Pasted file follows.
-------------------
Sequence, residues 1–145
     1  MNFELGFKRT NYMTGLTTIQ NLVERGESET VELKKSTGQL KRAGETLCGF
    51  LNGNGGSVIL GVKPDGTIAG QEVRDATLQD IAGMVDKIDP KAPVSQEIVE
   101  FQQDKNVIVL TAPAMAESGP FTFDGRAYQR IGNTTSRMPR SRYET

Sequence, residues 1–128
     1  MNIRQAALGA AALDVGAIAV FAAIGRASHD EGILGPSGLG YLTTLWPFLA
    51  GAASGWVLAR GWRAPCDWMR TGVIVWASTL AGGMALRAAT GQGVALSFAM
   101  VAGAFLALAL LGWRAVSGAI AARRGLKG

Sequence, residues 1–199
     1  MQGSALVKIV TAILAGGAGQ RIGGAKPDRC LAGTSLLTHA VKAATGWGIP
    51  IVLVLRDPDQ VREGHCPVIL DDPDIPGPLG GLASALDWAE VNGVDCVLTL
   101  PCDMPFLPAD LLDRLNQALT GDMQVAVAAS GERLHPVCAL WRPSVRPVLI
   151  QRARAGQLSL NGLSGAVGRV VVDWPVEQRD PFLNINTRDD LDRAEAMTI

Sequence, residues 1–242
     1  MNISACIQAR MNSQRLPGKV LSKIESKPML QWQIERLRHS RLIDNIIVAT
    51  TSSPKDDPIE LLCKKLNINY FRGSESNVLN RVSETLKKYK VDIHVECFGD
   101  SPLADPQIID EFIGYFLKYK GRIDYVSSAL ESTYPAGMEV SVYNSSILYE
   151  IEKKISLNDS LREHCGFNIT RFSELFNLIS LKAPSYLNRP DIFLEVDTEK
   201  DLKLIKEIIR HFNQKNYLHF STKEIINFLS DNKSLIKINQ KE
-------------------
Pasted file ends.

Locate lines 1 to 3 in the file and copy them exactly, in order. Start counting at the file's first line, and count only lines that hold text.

Sequence, residues 1–145
     1  MNFELGFKRT NYMTGLTTIQ NLVERGESET VELKKSTGQL KRAGETLCGF
    51  LNGNGGSVIL GVKPDGTIAG QEVRDATLQD IAGMVDKIDP KAPVSQEIVE